A 'Timoun' Future

A 'Timoun' Future

  • by Architecture for Humanity
  • Aug 25, 2011
  • comments

Group high five. FREEZE FRAME on group in mid-air. FADE OUT. ...Or rather, "the BOQs are being finalized and the last of the drawing set is being printed."

Either way you care to look at it, the design and documentation for Academie Timoun ("Children's Academy") with Haiti Partners has wrapped, concluding a decidedly very successful eight-month Office Fellowhship with BAR Architects. It's a great feeling to have the final drawings in your hands, and it's time to project the next steps.

"The set for Phase One is 47 sheets," reports Will Spurzem, the last member of the BAR professional daisy chain. "The bill of quantities ("BOQs") will be broken down into sections: 2 Story Building/Latrine Building/Site Features 1A/Site Features 1B/Lower Level interior options/Perimeter Walls. This will allow the contractor to create a price per building, per phase, as well as interior work on the lower levels.... All of this documentation will ultimately help the client and the Construction Manager to negotiate cost, phases, and contracts with more authority."

BAR's design is ambitious, but through the rigorous exercises of drafting the construction set and calculating the bill of quantities–and consultation with resident engineer Rick Ehlert throughout development–the project becomes realizable. Will discusses how they've achieved the balance of beauty and achievability:

"The actual shell is relatively simple to build with the right contractor and proper oversight. We have put in a lot of time researching and confirming the size of available materials and made the structure very modular."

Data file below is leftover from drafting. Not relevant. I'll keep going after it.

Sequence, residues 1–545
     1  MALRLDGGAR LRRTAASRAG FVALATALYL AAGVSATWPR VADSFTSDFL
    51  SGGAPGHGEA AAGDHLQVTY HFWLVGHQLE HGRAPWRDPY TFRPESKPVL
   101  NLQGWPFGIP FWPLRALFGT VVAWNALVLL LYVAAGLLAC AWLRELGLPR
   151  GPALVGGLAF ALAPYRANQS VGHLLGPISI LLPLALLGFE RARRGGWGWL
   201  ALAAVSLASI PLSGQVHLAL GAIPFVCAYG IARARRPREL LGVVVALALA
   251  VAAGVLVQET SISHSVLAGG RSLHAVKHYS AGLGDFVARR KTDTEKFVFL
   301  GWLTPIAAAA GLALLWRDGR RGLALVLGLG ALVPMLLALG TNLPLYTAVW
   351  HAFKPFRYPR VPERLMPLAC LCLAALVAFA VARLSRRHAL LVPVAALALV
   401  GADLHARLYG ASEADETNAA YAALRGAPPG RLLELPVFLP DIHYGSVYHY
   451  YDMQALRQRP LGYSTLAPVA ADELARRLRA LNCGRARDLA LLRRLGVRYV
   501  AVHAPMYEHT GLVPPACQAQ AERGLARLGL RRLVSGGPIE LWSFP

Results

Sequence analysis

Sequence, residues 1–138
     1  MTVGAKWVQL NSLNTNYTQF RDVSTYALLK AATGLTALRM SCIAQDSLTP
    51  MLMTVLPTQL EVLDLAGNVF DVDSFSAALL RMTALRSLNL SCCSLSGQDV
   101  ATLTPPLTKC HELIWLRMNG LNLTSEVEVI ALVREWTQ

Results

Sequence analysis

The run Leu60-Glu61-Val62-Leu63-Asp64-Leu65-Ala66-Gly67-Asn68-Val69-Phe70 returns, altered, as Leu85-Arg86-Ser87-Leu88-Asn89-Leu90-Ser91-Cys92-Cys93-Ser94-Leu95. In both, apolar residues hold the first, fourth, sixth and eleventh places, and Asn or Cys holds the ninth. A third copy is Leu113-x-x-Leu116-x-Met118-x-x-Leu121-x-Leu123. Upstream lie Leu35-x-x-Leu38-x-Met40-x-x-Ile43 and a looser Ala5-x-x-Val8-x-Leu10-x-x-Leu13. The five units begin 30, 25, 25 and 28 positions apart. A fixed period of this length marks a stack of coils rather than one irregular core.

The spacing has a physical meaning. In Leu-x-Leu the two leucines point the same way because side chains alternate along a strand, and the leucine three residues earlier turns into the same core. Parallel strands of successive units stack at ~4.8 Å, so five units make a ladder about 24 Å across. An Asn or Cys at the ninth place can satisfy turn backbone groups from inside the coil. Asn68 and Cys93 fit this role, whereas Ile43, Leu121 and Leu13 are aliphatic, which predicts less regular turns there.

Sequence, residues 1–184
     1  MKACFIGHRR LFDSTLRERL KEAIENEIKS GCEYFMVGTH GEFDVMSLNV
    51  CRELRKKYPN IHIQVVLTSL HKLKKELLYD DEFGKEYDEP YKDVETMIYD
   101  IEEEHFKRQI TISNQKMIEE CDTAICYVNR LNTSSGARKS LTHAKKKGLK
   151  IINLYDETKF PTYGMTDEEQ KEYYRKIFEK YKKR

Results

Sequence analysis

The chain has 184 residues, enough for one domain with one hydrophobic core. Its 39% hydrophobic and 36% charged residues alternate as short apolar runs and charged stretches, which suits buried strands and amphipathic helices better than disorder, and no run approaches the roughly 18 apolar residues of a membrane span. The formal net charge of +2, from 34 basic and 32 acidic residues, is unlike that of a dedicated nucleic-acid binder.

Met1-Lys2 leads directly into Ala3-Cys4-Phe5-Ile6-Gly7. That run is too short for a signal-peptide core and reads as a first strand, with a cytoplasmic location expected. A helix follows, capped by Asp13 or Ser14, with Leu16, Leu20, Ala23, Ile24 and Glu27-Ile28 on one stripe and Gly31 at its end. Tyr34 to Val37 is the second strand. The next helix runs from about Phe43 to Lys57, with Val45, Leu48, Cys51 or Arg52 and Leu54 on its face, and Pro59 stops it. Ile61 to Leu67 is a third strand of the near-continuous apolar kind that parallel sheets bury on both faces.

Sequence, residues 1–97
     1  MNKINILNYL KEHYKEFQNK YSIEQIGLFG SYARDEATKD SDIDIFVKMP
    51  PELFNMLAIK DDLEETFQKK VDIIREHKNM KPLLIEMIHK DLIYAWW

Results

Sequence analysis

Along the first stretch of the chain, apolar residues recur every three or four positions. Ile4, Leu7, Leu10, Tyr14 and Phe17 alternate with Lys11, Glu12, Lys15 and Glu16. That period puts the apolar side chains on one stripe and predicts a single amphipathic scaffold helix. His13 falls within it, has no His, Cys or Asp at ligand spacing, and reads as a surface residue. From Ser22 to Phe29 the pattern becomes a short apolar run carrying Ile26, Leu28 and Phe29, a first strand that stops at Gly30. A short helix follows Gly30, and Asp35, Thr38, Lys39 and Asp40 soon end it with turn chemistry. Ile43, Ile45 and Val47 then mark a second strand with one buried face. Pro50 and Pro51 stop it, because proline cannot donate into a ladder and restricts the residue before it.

The campus plan employs eight two-classroom modules-a very manageable unit size, in which to employ prudence. Here "the major issue of funding comes into play. We have done a master plan…which is quite large. Phasing will be a key issue."







From top: site visit with Jeremy and John Engle; site plan; materials precedents; erosion control mark-ups; Will and Thomas disagree during their handoff; foundation details

So what happens when you donate three weeks to working in an developing nation? Will shares some professional takeaways from Haiti. "Learning while you go is a very exciting process that requires a critical and careful approach to design," he explains. "It is easy to lose sight of the two major issues for clients, which are scope and complexity. The building could be wonderful but be too large or too complex to finish."

Will, BAR and Haiti Partners are all too aware of the financial considerations for building in Haiti, and have chosen a path whereupon funding and construction can happen simultaneously, if need be.

Meanwhile, the architects can hardly contain their excitement. "This has been a wonderful project and everyone is excited to see this work go out to bid as soon as possible/" Architecture for Humanity will take on the search for the right contractor over the next month; groundbreaking for the Academie Timoun is slated for Sunday, September 25.

We're learning from BAR as they learn from us. Catching up on 8 months of Design Fellowing is easy as BAR has maintained a blog of their progress and experiences for the duration of their time in Haiti. A full record of the Office Fellowship experience is just a Tumblr address away: http://bararchitects.tumblr.com/